Pinning down a good Rendang recipe on the internet can be a daunting task because there are as many versions as there are Malay homes, but since it’s full blown turmeric season here in India, I thought it necessary to make one. Rendang is first and foremost a non-vegetarian dish wherein the meat is stewed in coconut milk and a well-toasted spice paste for some time until the whole mixture thickens and coats the meat. I wanted to pull off a vegetarian version sans potatoes or jackfruit and the first thing I thought of was pumpkin. Pumpkin’s sweet flesh would taste delicious with the fiery hot lemongrass, turmeric and chilli of the spice paste. The timing was perfect too since this would be the eve of the 3rd #VirtualPumpkinParty by Sara Cornelius of the blog Cake Over Steak, and this seemed like a great dish to bring to the table.
In order to cook down the coconut milk without letting it catch, It is very important to keep stirring, and then to stop at a point when you feel that any more stirring will cause the pumpkin to disintegrate. This last bit is inevitable, but you can try your best to keep the pumpkin’s shape intact by using a fish spatula to lift and fold instead of stirring with a wooden spoon. The second thing to keep in mind is to use a non-stick pan to make this, so that even when you’re not stirring, the coconut milk isn’t burning at the bottom.
Toasting the spice paste is super duper important and you’ll have to do this for an easy 7-8 minutes, constantly flattening it out against the base of the pan and bringing it together again till the paste doesn’t have any rawness to it. This cooking of the spice paste is really what concentrates all the heady Asian flavours that then are ready to be diluted the second the coconut milk and water hit the pan.
For this recipe I’ve used both freshly grated turmeric as well as turmeric leaves. You could leave out the latter, but I strongly suggest you don’t. It’s those subtle differences that make all the difference when it comes to Asian flavours I find. It is for this very reason that I’ve used a mix of ginger, galangal, as well as turmeric because I’m building up layers of flavour.
Using a non-stick pan to make this pumpkin rendang is important so that none of the coconut milk catches at the bottom as you cook it down to a dry-ish curry.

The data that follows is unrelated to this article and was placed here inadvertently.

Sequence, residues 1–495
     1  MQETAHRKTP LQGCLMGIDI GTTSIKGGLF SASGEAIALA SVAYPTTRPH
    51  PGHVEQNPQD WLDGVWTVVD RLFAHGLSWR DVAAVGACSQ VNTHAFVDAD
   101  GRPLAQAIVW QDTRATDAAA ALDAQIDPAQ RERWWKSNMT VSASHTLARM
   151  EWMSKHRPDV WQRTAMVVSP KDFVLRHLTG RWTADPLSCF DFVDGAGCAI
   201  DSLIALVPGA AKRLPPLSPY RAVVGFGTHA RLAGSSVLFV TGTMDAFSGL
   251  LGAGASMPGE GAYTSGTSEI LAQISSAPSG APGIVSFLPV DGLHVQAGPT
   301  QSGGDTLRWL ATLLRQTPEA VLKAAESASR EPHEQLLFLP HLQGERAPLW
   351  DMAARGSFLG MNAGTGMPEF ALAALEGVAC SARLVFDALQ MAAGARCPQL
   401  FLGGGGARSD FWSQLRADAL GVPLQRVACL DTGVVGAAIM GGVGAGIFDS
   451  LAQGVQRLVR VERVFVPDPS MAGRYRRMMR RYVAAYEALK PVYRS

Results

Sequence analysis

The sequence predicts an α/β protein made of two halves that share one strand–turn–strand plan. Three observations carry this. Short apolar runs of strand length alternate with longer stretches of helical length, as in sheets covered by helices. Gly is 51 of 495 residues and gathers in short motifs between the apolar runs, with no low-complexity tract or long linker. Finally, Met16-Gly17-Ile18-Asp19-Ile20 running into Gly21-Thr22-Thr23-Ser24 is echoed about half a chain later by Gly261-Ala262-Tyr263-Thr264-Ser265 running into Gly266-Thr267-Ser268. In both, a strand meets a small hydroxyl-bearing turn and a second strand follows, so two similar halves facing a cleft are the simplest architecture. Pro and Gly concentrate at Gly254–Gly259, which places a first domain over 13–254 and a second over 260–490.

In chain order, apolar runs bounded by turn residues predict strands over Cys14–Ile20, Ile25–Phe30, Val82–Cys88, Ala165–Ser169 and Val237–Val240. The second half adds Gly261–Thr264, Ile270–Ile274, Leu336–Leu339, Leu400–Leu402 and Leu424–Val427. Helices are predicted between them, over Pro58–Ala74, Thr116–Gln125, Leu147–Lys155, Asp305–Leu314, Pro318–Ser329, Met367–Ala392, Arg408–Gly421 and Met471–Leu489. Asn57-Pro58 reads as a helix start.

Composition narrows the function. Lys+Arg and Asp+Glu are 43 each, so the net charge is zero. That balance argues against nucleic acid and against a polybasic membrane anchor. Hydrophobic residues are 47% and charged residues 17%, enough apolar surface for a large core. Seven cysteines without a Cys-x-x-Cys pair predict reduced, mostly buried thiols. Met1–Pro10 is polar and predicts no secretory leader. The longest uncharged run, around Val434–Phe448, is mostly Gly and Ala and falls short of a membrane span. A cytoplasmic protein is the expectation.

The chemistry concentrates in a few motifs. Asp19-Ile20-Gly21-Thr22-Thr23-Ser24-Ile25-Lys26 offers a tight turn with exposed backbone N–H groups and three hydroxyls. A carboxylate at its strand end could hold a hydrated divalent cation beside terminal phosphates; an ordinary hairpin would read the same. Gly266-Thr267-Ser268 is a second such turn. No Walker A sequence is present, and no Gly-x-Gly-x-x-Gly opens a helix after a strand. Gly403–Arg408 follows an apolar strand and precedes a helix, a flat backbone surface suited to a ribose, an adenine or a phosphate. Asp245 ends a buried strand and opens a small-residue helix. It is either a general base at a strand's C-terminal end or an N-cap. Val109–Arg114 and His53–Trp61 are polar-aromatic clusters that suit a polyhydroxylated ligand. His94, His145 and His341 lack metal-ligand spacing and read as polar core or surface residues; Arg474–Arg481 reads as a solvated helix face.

The Spice Paste
Dried red chillies 10 (If you use Kashmiri, the colour, like mine will be more orange than brown. If using another kind of red chilli, reduce the amount)
Onion 2 small
Garlic cloves 6
Fresh Turmeric 1-inch piece, peeled and washed
Lemongrass root 2 pieces, chopped
Ginger 1 cm piece, peeled and washed
Galangal 1/2 cm piece, peeled and washed
Freshly grated coconut 3 tbsp
Salt 1 tsp
Vegetable oil 3 tbsp
Pumpkin 500g, cut into large dices
Cinnamon stick 1 small
Star Anise 1
Lemongrass root 1, bashed in
Turmeric leaf 1, torn and knotted
Coconut milk 1/2 cup
Water 1/2 cup, plus more
Tamarind 1-2 tsp liquid from a soaked golf-ball sized bit of tamarind
Palm sugar 1/2 tbsp
Kafir lime leaves a few, rolled up and sliced
Wash the dry red chillies and add them to a mixer grinder with the onion, garlic, fresh turmeric, ginger, galangal, lemongrass, coconut and salt. Blitz this spice mixture and set aside.
Heat a non-stick pan, then add 2 out of 3 tbsp of vegetable oil and let that get quite hot too. Once hot, add in the spice paste, along with the cinnamon stick, cloves, star anise, cardamom and bashed lemongrass root and cook over a medium-high flame for 7-8 minutes or until no raw taste remains.
Add in the pumpkin with the reserved tablespoon of oil and saute the pumpkin with the spice paste for a whole minute. Splash in the coconut milk, water, tamarind extract, palm sugar, plus a wee bit more salt. Dot the top with a few knotted turmeric leaf parcels and stir over a medium-high flame or until the pumpkin starts to soften. You could alternately cover the pan, and come back to occasionally stir it.
Once the pumpkin is soft, I advise against stirring. Add in some more reserved water if you feel the pumpkin still needs to cook for a bit longer and cover again if necessary. When the pumpkin is done and the spice paste has dried out to coat the pumpkin, fish out the bashed in lemongrass root and serve garnished with kafir lime leaves.